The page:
A lot of times I see theorems stated for local rings, but usually they are also true for "graded local rings", i.e., graded rings with a unique homogeneous maximal ideal (like the polynomial ring). For example, the Hilbert syzygy theorem, the Auslander-Buchsbaum formula, statements related to local cohomology, etc.

But it's not entirely clear to me how tight this analogy is. I certainly don't expect all statements about local rings to extend to graded local rings, so I'd like to know about some "pitfalls" in case I ever decide to make an "oh yes, this obviously extends" fallacy. What are some examples of statements which are true for local rings whose graded analogues are not necessarily true? Or another related question: what kind of intuition should I have when I want to conclude that statements have graded versions?

There is a notion of "generalized local ring" due to Goto and Watanabe which includes graded local rings and local rings: a positively graded ring that is finitely generated as an algebra over its zeroth degree part, and its zeroth degree part is a local ring, so one possibility is just to see if this weaker definition is enough to prove the statement. Of course the trouble comes when the proofs cite other sources, and become unmanageable to trace back to first principles.

  • $\begingroup$ How general a grading are you interested in? Things can be quite bad if you look at rings graded by more general things than the integers I believe. $\endgroup$ Oct 19, 2009 at 11:11
  • $\begingroup$ I'm mostly interested in Z-graded rings, and maybe occasionally Z<sup>d</sup>-graded rings. But really I'm interested in homogeneous coordinate rings of projective varieties over some base field. $\endgroup$
    – Steven Sam
    Oct 19, 2009 at 13:55
  • $\begingroup$ Another, definition that encompasses both is the following (which I learned in a class taught by Peter May): simply take a "local ring" to be a graded ring with a unique homogeneous maximal ideal. (Basically, in Peter May's approach, you ignore inhomogeneous elements, ideals, etc.) Local rings in the usual sense can be seen as an instance of this by considering them as graded rings concentrated in degree zero. Note that to make this work, one has to allow the maximal ideal to include degree-zero terms (although obviously it won't if the degree-zero ring is a field). $\endgroup$ Jan 25, 2012 at 17:25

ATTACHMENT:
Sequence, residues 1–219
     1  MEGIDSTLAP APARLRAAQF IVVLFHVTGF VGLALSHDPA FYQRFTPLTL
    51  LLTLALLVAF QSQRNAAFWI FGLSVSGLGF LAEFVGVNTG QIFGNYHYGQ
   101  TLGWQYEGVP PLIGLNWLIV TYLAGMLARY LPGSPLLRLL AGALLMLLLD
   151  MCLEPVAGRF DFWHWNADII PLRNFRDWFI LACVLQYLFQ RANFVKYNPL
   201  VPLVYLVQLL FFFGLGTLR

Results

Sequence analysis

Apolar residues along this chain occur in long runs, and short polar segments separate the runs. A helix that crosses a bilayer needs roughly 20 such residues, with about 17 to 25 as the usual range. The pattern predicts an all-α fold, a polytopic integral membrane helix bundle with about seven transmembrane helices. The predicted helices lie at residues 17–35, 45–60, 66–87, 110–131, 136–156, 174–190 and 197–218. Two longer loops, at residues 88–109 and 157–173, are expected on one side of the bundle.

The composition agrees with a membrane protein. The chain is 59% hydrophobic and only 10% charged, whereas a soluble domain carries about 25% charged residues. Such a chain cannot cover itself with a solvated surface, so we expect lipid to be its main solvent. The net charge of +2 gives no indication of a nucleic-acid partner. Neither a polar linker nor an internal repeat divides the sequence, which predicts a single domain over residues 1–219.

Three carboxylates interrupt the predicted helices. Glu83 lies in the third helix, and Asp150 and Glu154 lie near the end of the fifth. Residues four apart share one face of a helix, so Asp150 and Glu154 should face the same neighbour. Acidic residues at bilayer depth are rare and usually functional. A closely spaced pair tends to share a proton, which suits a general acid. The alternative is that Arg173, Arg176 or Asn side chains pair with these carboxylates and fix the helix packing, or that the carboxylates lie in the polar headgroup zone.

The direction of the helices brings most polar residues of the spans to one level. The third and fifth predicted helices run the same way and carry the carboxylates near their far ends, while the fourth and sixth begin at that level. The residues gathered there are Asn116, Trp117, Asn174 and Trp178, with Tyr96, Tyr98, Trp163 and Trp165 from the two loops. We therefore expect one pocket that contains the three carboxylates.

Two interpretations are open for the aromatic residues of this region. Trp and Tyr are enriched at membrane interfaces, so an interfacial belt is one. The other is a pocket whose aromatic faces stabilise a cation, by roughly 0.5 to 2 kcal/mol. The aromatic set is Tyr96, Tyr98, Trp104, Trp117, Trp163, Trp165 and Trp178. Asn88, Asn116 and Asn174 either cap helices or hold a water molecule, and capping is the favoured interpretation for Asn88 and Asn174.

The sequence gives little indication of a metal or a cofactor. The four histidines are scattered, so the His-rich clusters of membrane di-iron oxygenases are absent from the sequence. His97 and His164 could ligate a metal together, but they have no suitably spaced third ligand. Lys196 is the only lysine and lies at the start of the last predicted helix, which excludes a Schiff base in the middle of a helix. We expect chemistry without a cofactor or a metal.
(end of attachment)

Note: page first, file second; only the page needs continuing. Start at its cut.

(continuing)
2 Answers 2


One small thing I know of which changes is that if one has a Z-graded-commutative noetherian ring (where Z is the integers) Matlis' classification of indecomposable injective modules goes through but with one small hiccup.

Every indecomposable injective is isomorphic to E(R/p)[n] for some unique homogeneous prime ideal p but the integer shift n is not necessarily unique although under the hypotheses I think you are interested in one probably gets uniqueness. I can't think of an example where this really causes much of a problem though.

Having thought about this some more I think that non-negative integer graded-local noetherian rings, in particular those generated in degree 1 such that the maximal homogeneous ideal is also maximal if one forgets the grading, are incredibly well behaved and the analogy with local rings is very good. In fact, there is even a version of Nakayama's lemma for such rings (maybe one needs a little more) which is stronger than the usual one in the sense that one can drop the finiteness condition on the module. There are also no problems with graded versions of prime avoidance etc... in general.

I'd recommend section 1.5 of Cohen-Macaulay Rings by Bruns and Herzog where they prove that a bunch of standard facts still go through and one can see what does and doesn't change in the proofs.

As I mentioned in the comment I think one has to be most careful when considering rings graded by things like monoids which aren't as nice as the non-negative integers. In particular, if the grading is not positive (i.e. some elements of the monoid are invertible) and/or if the monoid is not cancellative at the identity (i.e. a+b = a does not imply b is the identity). I think in the non-cancellative case one can construct a counterexample to Nakayama's lemma but I am not 100% sure on this.

  • $\begingroup$ I think the graded Nakayama's lemma is much easier to prove. If the ring is positively graded, we can just use induction: say mM = M where m is the maximal ideal. Then M_0 = 0 since nothing maps to it, and hence M_1 = 0, etc. So maybe I will just reask if I run into a specific statement I am unsure about. Thanks! $\endgroup$
    – Steven Sam
    Oct 20, 2009 at 23:26

I will try to provide some geometric intuition, why there should be an analogy between local rings and graded rings with unique homogeneous maximal ideal. Maybe this also helps to guess whether a statement true for local rings should still hold in the graded case. A graded k-Algebra can be thought of as an affine space with $k^*$-action. Homogeneous prime ideals correspond to invariant closed sub-varieties. So your sort of algebras corresponds to spaces with exactly one fixpoint. For example in the case of the polynomial ring its $k^n$ with the obvious action of the multiplicative group and $0$ is the fixpoint. From this example we see, that the action can be used to "contract" the space to the fixed point. Hence the local nature of the space.

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    $\begingroup$ In a very similar flavor: For a local ring, the closed point is in the closure of any other point. For an $\mathbb N$-graded ring: the central point is in the closure of the $k^\times$-orbit of any other point. $\endgroup$ Sep 27, 2010 at 1:52

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